JENKINS v. PIERCE et al.
Martha Jenkins appeals from the trial court's order granting summary judgment in favor of Brian Pierce and Brian Pierce, P.C. (collectively “Pierce”). Jenkins sued Pierce for “fraud, gross negligence, misrepresentation, dishonesty, malpractice, breach of fiduciary duty, and deceit” in connection with the closing of a real estate loan and the preparation of a quit claim deed and a living will. Jenkins contends the trial court erred by concluding that her cause of action against Pierce was barred by “the principle of Georgia law that a party to a contract who can read, must read, or show a legal excuse for not doing so and where fraud is alleged as an excuse it must be such fraud as would prevent a party from reading the contract.” See Parrish v. Jones, P.C., 278 Ga.App. 645, 648-649(2)(a) (629 S.E.2d 468) (2006). Jenkins argues that this rule does not apply where a confidential relationship exists and upon which a party relies in not reading the contract. See McWhorter Ltd. v. Irvin, 154 Ga.App. 89, 91(2) (267 S.E.2d 630) (1980). Because genuine issues of material fact exist as to the existence of a confidential attorney-client relationship between Jenkins and Pierce at the time the loan documents were signed, we agree and reverse.
“On appeal from the grant of summary judgment this [c]ourt conducts a de novo review of the evidence to determine whether there is a genuine issue of material fact and whether the undisputed facts, viewed in the light most favorable to the nonmoving party, warrant judgment as a matter of law.” (Citation and punctuation omitted.) Cox Enterprises. v. Nix, 274 Ga. 801, 804(2) (560 S.E.2d 650) (2002). The record shows that Jenkins filed a verified complaint against Pierce in which she asserted that after her husband of 38 years died on April 24, 2007, her relatives advised her that she needed a will. According to Jenkins, her relatives took her to Pierce's office only two times, once in June 2007 and once in July 2007. She claims that on both occasions she thought she was signing documents relating to her will. She claimed that she did not knowingly sign closing documents for a loan on her property, a quit claim deed giving an interest in her property to the relatives who brought her to Pierce's office, or a living will. She denied applying for a loan secured by her home.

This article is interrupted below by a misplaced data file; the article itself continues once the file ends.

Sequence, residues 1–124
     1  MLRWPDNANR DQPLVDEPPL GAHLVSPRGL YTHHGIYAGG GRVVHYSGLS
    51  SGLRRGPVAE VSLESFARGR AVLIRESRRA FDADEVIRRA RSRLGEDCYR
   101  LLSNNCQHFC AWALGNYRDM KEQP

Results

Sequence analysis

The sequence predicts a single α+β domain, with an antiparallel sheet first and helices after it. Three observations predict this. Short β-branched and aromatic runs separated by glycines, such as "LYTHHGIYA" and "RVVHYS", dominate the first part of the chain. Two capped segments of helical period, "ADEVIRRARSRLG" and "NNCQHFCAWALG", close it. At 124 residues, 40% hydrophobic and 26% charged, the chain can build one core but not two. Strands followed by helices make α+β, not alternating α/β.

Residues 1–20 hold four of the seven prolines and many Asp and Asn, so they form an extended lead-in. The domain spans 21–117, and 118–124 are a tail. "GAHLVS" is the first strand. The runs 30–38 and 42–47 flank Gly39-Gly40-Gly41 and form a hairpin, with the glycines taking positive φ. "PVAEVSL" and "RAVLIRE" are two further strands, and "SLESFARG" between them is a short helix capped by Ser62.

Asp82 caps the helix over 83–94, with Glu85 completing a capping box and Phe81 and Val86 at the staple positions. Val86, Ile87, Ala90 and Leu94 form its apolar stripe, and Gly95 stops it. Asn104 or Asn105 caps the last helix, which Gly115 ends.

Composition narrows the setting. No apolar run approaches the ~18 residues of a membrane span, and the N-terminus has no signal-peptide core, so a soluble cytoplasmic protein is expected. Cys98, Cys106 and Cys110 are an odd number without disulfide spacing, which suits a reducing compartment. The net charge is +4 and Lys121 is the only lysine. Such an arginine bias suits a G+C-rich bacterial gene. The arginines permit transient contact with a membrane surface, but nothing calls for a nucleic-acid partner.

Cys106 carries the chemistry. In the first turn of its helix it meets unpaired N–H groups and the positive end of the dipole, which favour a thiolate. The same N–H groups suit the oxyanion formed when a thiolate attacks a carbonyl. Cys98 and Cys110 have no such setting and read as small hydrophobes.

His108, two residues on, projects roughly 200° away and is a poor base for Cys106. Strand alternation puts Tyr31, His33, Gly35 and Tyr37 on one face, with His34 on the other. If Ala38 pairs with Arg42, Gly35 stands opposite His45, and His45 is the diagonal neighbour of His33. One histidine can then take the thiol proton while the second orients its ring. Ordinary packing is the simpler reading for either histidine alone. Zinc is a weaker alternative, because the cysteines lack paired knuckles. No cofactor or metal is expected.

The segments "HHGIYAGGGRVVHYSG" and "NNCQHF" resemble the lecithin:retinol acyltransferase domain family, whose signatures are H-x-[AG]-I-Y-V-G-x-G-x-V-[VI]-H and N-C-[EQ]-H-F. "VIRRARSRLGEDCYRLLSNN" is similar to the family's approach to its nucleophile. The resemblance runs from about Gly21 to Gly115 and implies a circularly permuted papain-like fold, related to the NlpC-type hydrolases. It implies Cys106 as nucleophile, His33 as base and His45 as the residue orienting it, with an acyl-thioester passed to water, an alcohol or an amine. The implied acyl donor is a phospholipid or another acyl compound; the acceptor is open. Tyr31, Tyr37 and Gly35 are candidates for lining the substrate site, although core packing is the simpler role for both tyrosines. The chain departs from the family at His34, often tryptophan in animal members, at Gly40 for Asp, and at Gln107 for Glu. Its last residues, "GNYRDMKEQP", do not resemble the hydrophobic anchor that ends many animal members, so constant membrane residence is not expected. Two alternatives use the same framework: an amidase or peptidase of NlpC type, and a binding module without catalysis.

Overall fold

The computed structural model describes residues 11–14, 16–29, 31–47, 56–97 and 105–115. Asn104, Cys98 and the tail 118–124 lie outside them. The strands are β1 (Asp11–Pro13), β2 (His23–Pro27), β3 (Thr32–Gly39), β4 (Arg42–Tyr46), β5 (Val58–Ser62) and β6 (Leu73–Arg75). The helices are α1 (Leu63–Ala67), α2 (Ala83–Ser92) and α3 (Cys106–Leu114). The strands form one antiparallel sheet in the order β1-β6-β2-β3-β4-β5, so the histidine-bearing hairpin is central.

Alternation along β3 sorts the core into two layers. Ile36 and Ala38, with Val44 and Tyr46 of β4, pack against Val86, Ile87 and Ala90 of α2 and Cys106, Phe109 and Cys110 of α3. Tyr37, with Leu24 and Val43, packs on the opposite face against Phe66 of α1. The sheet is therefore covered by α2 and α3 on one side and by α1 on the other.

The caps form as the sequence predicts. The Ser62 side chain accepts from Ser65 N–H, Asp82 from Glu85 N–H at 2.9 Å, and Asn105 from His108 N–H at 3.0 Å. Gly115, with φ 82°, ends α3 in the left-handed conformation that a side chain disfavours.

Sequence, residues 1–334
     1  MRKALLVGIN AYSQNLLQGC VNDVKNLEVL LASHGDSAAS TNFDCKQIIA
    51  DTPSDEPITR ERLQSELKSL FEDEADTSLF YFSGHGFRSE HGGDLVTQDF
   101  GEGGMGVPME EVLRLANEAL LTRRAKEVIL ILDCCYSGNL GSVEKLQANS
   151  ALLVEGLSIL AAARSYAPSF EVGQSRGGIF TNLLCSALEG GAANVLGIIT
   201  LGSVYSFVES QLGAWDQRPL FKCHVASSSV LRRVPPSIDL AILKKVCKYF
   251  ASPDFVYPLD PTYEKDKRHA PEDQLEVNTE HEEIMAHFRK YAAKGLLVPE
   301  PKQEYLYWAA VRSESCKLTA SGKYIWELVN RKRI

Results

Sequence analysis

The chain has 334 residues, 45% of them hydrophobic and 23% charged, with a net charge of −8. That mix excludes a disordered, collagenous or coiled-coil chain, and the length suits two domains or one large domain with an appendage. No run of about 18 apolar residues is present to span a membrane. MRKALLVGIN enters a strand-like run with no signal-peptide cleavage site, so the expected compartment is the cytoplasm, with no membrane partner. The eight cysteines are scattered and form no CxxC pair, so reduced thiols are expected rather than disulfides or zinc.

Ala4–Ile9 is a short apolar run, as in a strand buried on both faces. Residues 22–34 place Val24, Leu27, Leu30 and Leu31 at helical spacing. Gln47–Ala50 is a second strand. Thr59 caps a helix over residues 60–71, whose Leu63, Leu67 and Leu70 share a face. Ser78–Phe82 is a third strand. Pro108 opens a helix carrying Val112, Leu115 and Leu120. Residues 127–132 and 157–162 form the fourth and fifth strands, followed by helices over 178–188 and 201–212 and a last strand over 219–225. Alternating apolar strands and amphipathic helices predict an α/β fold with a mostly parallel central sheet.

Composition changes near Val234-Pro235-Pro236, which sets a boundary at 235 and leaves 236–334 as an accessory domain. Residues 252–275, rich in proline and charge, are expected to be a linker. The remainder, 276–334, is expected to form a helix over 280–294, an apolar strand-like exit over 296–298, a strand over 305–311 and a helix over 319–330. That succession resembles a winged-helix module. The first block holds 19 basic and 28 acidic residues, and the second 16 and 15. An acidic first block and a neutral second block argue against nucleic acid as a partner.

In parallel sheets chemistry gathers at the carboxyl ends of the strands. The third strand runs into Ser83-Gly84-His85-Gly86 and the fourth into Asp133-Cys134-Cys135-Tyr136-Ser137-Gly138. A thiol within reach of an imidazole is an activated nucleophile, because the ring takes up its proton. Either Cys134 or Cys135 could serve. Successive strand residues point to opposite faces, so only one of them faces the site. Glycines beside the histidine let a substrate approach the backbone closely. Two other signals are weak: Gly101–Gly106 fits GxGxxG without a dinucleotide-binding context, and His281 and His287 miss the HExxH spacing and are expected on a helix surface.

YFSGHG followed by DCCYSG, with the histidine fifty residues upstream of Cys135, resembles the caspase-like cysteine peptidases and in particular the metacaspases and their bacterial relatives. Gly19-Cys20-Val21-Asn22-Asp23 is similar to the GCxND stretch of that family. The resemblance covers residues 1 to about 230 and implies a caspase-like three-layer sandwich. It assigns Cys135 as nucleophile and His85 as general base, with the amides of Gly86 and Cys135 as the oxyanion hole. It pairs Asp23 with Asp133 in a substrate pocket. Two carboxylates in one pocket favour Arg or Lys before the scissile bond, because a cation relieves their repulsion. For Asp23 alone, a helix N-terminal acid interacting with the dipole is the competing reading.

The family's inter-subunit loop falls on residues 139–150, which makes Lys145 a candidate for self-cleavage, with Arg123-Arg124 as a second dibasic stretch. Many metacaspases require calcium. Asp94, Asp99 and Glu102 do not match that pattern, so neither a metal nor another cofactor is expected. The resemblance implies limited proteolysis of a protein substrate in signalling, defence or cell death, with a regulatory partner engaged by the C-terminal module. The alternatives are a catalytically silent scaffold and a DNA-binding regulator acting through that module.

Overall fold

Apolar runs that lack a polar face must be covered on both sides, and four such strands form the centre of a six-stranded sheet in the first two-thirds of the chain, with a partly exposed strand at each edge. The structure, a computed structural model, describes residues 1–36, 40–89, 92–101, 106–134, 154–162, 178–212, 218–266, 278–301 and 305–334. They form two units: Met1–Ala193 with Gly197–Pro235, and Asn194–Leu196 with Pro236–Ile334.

The record includes the following documents allegedly signed by Jenkins: a last will and testament dated June 19, 2007; a security deed dated July 26, 2007; a quit claim deed dated August 2, 2007 giving her relative who took her to Pierce's office a joint tenancy interest in her property; a codicil dated August 24, 2007 revoking a $2,000 bequest to someone other than the relative who took her to Pierce's office; and a copy of a $69,000 check drawn from Pierce's trust account on July 31, 2007 made payable to Jenkins. Jenkins denies going to Pierce's office on August 24, 2007. She also denies all knowledge of and endorsing the $69,000 check.
These facts demonstrate a genuine issue of material fact as to the existence of a confidential attorney-client relationship between Pierce and Jenkins at the time the loan documents were signed. There is no dispute that Pierce represented Jenkins in connection with a will six weeks before the loan closing documents were signed. According to Jenkins, she also executed documents prepared for her personally (living will, codicil, and a quit claim deed) at the same time she signed the loan closing documents in Pierce's office. This evidence demonstrates a genuine issue of material fact about the existence of a confidential relationship between Pierce and Jenkins that Jenkins may have relied upon in not reading the documents. See McWhorter, supra, 154 Ga.App. at 91(2). The trial court, therefore, erred by granting summary judgment in favor of Pierce based solely upon Jenkins' failure to read the documents.
SMITH, Presiding Judge.
MIKELL and ADAMS, JJ., concur.